Bible for Skeptics: Ancient Texts, New Perspectives
Presented by Gideon Amir, Master Teacher
Many of the classic Biblical stories can be viewed through both a traditional lens and a modern scholarly lens. We will compare these varying perspectives on select stories and see what new meanings we can discover. Where applicable, we will also see how other religions view the same story and text.
This new class is a continuation of last semesters’s “Bible for Skeptics," however prior participation is not necessary to join the new session.
Tuesdays, 7 - 8:30 PM
Bender JCC of Greater Washington
6125 Montrose Rd., Rockville, MD 20852
Sept. 3, 10, 17, 24
Nov. 5, 12, 19; Dec. 3
Rates (Per Session)
$50 - Friends of the Haberman Institute
$60 - General Public
Year-round benefits vary by the program and include discounted rates on programs that have registration fees, such as our Days of Learning, Learning on Wheels, many classes, and cultural events. Friends renew their status every summer to receive benefits throughout the academic year.
The rates for 2019-20 are $100 per individual or $120 per couple.
Click here to become a Friend or renew your Friendship status today.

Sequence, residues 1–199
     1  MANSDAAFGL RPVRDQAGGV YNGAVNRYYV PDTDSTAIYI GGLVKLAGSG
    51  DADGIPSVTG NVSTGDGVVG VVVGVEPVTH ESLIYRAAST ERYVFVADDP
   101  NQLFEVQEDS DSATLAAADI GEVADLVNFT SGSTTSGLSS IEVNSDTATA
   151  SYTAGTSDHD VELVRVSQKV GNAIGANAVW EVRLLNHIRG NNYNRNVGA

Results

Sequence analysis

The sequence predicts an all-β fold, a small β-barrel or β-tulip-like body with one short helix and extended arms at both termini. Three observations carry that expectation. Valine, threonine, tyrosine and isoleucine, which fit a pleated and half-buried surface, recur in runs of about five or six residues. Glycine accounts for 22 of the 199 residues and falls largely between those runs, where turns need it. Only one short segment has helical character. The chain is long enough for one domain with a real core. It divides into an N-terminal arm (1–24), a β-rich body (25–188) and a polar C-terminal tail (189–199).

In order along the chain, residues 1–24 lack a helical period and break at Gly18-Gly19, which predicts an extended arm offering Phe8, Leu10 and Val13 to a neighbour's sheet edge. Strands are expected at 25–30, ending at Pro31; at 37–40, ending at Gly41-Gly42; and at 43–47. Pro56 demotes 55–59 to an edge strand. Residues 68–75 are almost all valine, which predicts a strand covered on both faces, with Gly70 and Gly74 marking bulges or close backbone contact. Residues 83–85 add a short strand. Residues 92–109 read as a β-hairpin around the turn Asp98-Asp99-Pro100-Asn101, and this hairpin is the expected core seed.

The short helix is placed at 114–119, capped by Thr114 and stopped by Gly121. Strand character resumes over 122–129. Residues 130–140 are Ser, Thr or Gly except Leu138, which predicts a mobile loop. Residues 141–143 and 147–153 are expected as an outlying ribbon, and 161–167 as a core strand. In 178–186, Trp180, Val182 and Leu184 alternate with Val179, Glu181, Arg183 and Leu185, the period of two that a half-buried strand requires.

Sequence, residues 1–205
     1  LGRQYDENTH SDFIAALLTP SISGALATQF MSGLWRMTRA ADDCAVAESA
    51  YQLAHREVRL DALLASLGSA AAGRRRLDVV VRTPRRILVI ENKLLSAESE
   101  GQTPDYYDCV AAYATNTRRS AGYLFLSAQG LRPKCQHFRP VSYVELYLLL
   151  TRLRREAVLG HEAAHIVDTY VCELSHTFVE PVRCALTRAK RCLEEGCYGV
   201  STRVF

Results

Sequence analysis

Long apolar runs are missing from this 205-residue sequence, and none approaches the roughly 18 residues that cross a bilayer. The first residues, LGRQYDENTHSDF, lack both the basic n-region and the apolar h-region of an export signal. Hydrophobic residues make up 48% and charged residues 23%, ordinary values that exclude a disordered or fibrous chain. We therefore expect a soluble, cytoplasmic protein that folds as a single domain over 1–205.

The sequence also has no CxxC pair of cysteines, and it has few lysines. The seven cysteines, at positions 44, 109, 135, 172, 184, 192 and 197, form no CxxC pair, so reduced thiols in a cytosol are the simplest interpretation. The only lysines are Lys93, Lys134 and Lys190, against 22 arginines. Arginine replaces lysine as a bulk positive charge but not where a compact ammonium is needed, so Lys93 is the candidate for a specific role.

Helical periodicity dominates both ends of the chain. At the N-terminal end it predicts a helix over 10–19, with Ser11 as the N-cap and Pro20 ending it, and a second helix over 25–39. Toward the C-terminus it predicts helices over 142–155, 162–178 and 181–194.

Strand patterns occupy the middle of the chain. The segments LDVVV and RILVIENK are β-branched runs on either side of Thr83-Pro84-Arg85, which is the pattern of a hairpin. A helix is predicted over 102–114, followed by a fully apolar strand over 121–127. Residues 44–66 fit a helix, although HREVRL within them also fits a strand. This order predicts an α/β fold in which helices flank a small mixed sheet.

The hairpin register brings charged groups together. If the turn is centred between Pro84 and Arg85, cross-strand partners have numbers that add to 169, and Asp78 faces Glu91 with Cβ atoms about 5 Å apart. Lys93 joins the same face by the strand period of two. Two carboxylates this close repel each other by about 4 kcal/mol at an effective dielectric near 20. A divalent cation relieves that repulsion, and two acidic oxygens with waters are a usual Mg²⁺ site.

Gideon Amir was born in Holland to Holocaust survivors who went to Israel in 1947. He grew up in Jerusalem and served in the IDF as a Paratrooper.
Gideon received his Bachelor’s degree in Mathematics from the Hebrew University in Jerusalem and a Master’s degree in Computer Science from the Weizmann Institute of Science in Rechovot. In 1980, he moved to the United States, where he worked as a manager in several companies including Sperry Univac, British Telecom, and Cisco Systems.
In 1999, he pursued his interest in Judaic Studies and enrolled in a full-time graduate program at Baltimore Hebrew University, where, in May 2001, he received his master’s degree (with honors) and completed further studies.
As such, he re-directed his passion for teaching from computer science to the teaching of Jewish and Bible subjects at various adult education programs including the Haberman Institute for Jewish Studies.